About ReferURL

ReferURL.net is a link shorting service I created. You paste in a long URL (say to an eBay auction or newpaper article) and it gives you a short URL to use (http://referurl.net/123). You also have the option of picking an alias for a referurl, something like http://referurl.net/r/xxx. Also, a common usage pattern is a bookmarklet that you drag from the page to the toolbar. Whenever you click on the bookmarklet, it runs a bit of javascript code that submits the page you are currently looking at to ReferURL.

URL shortening services are great for emailing URLs to friends. Recently they are even more important for posting URLs on twitter (with only 140 characters, every character saved counts).

A service that does similar things called TinyURL.com has been around for a long time. Personally, I do not like tinyurl.com. I think it is ugly. There is another reason I remember disliking them, but it is possible that I have two services confused, so I won’t mention it. They also didn’t offer aliases when I wrote ReferURL.

I used to use another service, but it broke repeatedly, then when it had several months of downtime I decided to write my own. That service also didn’t support aliases.

At this point when I look around the new services that are similar, I see three things that may be better than ReferURL.

  1. Some services are prettier (of course, extra graphics means slower load times).
  2. Some services put the new shorter url into your clipboard buffer so that you don’t have to copy it yourself. I would love to add this, but as far as I can tell it is implemented with Flash, which I don’t own.
  3. With twitter, every character counts. There are now some services with names much shorter than referurl.net. TinyURL.com is one character shorter. Bit.ly is six characters shorter. If any one has an good idea for a name that is shorter than referurl.net, I would love to steal it. In my own twitter usage, I haven’t had trouble with the length of ReferURL yet though.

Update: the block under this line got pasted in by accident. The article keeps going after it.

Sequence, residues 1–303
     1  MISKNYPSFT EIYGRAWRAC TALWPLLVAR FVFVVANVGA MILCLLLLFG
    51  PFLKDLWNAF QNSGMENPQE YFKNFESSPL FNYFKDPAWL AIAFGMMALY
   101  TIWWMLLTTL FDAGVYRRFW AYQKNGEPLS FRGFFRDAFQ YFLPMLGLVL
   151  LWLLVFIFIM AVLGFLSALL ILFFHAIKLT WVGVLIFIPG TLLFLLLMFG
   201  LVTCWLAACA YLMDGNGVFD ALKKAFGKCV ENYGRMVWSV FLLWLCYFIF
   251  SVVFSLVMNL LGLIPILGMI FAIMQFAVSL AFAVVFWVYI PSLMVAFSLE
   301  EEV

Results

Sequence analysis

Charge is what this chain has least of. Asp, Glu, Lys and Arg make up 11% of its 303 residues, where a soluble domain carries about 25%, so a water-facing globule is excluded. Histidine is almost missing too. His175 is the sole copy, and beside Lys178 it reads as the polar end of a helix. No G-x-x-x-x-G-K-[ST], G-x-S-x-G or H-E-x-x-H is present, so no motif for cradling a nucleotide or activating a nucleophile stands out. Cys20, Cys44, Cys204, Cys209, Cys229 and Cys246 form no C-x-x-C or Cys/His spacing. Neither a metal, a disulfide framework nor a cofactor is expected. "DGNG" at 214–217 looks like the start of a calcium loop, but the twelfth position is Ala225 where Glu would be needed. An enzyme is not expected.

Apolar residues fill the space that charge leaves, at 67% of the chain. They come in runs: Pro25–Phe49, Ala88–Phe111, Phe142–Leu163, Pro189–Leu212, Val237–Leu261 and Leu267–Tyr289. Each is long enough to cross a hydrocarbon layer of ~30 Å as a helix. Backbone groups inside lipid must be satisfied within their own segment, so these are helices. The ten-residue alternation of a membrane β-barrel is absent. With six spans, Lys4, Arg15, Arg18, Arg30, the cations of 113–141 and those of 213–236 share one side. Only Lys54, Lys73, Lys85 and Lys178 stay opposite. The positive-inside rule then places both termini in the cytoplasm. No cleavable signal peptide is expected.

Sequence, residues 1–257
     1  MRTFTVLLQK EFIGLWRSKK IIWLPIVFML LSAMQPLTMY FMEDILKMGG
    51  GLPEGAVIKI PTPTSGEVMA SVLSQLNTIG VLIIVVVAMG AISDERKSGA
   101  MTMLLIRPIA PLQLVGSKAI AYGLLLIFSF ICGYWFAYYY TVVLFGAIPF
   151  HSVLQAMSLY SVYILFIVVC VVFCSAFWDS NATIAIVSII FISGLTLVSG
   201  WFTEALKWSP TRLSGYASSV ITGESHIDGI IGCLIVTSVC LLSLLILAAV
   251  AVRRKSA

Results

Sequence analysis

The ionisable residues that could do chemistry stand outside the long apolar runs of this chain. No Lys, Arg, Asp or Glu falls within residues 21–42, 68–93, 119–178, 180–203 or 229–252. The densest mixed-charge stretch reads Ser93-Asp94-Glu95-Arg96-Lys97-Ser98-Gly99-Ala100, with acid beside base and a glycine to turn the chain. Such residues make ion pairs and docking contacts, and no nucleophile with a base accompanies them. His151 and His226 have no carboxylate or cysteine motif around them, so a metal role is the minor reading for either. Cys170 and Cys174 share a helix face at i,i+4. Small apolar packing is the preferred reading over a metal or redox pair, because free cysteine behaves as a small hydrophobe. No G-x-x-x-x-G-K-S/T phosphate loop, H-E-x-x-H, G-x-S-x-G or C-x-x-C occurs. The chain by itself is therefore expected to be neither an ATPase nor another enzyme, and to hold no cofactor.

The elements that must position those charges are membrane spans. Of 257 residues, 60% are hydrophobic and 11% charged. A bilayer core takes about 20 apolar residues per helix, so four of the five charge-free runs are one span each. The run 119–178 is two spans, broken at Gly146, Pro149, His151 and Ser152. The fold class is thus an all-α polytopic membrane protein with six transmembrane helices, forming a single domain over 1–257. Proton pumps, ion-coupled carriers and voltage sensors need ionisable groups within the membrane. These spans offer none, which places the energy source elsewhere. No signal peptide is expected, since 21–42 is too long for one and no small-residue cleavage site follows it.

Anyway, those are my comments on the creation of ReferURL.net. For the time being, I plan to keep looking for ways to improve it and will keep working on it.

Also, I will be releasing the code for people who want to run/write their own service in the future. I had previously released some code, but now that it is several months old, I took it down until I had time to clean the current code for re-release. If someone were to email me asking about that, it would probably get me to do it sooner.  It is a Python project build on mod_python and PostgreSQL.

SunPCI on Solaris 9

I just imported this page because I don’t want to forget the information. If you don’t know why you need to read this, then feel free to ignore it.


The SunPCI is a 400mhz AMD k62 card for running Windows in a PCI
Sun. Never versions of the card are the SunPCI-II and the SunPCI-III,
both of which use higher speed Celerons.


The original SunPCI was dropped after version 1.3 of the SunPCI
software (both 1.3 and newer versions are obtainable from Sun’s web
site, registration required). Version 1.3 of the SunPCI software isn’t
supported on Solaris’ newer than 8. Thus this page on making it work on
Solaris 9.

I doubt that it is possible to use this card with Solaris 10.

Important Requirement (that wasn’t immediately obvious to me)

One requirement that the software has is that it can only display on
the Sun X server. This means that you need to either need a framebuffer
in the same machine as the SunPCI, or you need to be remotely displaying
the software on another Solaris machine running the Sun X server.
Thankfully, framebuffers for almost every machine are rather cheap.

Presumably if you still want remote display on a different X server
(say, Xsgi, which is what I want), you could use VNC or Remote Desktop
on the Windows system. You still would need a graphical console to
run the SunPCI, but this could be a case of attaching a monitor to a
Sun in the basement to start the software, then using RDesktop from